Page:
• Super convenience for your Swiss customers: no need to fill in the CN22 customs clearance form.
  • The national returns address is perfect for increasing your conversion rate. Because this is far from standard.
  • The refund is triggered after just one day.

Disadvantage:

  • Administrative effort for two returns handling processes: once in the Swiss returns centre and a second time in the German or Austrian returns centre.

 

Check-in, content check and case management

Think of this process as an inventory of the returned goods. These questions need to be answered:

  • When were the goods checked in at the returns centre?
  • Which of the originally dispatched items were checked in?
  • What condition are these items in? Most retailers specify criteria here that should be checked by the service provider. For example, damage.
  • What special information did the shoppers provide? Here, most retailers pass on information provided by shoppers. For example, whether a certain item of clothing should be ordered in a different size.

Individual clarifications are part of case management. For example, if an employee feels that there is a case of fraud, a photo is taken and the case is investigated in more detail by the retailer.

This is simply about providing information and forwarding daily reports to the retailers as automatically as possible. So that you know the current status of the case and can quickly transfer the money back to the Swiss shopper.

Consolidation reduces costs for return transport

For retailers with very large volumes, it can make sense to return shipments from the Swiss returns centre on a daily basis. Rule of thumb: several 100 returns per day. If there are fewer, it makes sense to consolidate the goods for cost reasons. Consolidation limits can be defined for a specific time (e.g. returns every fortnight) or for a quantity (e.g. after eight Euro pallets). Good consolidation massively reduces return transport costs.

Return shipment of your goods

For very small quantities, it is worth returning the goods in one outer carton. In most cases, however, several Euro pallets are returned.

Consolidation helps to optimise the utilisation of the transport vehicle.

A good and efficient solution for this is the freight forwarder who also brings your consignments to Switzerland.

Export customs clearance

Export customs clearance ensures that your returns leave Switzerland again in compliance with the law. For export customs clearance and the creation of the transit document (T2), you need a customs agent who will take care of the handling for you for a fee.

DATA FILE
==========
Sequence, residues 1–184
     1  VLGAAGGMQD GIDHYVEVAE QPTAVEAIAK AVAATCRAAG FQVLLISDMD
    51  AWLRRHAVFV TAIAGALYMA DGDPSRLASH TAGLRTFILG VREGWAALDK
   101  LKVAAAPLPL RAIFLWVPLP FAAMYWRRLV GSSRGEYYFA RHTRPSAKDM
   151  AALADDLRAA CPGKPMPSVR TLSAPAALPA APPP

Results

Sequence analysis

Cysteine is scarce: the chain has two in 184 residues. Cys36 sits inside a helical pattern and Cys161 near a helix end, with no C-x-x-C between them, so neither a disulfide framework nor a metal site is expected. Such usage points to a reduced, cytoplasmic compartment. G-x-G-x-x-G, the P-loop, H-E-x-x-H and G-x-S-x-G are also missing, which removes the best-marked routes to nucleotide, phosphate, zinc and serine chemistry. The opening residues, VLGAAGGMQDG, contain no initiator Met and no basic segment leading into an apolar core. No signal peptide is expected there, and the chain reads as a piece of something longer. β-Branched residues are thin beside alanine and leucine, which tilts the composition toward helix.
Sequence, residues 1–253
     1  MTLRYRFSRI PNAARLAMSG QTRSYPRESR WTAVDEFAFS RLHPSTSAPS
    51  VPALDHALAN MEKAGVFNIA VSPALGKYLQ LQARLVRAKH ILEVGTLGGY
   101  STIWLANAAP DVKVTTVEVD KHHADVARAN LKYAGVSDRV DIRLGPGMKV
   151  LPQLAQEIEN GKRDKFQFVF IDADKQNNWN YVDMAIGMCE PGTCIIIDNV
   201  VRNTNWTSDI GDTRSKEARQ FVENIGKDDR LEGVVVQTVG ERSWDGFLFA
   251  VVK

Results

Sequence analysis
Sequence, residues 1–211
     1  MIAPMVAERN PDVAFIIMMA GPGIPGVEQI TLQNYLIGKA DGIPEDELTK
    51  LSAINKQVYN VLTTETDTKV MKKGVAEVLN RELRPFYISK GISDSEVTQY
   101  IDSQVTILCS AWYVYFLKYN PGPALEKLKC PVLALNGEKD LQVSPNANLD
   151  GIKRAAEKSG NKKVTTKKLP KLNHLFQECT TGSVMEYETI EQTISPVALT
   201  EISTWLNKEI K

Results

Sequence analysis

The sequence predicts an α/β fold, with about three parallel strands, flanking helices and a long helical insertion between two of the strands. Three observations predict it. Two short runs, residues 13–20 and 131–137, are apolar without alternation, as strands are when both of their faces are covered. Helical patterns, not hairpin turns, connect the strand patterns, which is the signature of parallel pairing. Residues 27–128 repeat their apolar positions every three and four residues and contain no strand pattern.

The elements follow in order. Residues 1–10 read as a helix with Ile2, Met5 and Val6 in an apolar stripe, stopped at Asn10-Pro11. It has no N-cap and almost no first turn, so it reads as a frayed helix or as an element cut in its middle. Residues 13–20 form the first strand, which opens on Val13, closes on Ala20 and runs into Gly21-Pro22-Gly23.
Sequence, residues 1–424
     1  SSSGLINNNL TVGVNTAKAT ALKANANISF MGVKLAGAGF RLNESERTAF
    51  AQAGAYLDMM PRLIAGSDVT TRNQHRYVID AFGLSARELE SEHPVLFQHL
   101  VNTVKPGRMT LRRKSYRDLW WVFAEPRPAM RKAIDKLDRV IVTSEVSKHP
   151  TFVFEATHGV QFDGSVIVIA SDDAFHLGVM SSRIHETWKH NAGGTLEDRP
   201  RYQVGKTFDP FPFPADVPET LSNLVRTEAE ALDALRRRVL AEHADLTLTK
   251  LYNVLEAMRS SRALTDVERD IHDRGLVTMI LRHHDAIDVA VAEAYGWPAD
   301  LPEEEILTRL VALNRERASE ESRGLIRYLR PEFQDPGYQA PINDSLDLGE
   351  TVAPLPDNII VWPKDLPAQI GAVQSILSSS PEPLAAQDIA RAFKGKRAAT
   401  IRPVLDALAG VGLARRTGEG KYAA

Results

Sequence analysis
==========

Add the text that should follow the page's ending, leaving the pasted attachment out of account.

Pro tip:

The return journey of your consignments consists of various stages. Each individual section requires professionals - you must be able to rely completely on your service provider.

Pro tip:

The return journey of your consignments consists of various stages. Each individual section requires professionals - you must be able to rely completely on your service provider.

The entire returns management process is extremely data-heavy and your service provider must have modern and dynamic IT tools. This is the only way to ensure that they can adapt data collection and reporting to your needs.

In general, data is very important in logistics. Read our blog to find out how you can reduce your e-commerce costs with structured data.

Swiss Post has developed the Dynamic Return Platform (DRP) for this purpose. We use it to configure individual customer set-ups, collect all the required data and communicate it in a simple format.


End of the journey - or conclusion

No two journeys are the same: It depends on your product portfolio, returns management, set-up and your individual requirements and needs.

The journey will therefore vary in length and complexity. In other words: a short city trip or an organisationally complex trip around the world in individual stages. Each individual stage of the journey has an impact on the customer experience. This is especially true for Switzerland as a destination!

It makes sense to work with a cross-border specialist for Switzerland in order to always focus on the data. Do you want to deliver to Switzerland, but still lack the facts? Our Switzerland E-Commerce Report provides you with the information you need.

Swiss Post is the right address for this. We are the Swiss cross-border e-commerce professionals and our services and IT products have been developed precisely for these needs.

Become a careful journey planner. This is the only way to tune your e-commerce KPIs.

You've seen it: The differences between possible set-ups in terms of costs and customer experience are huge!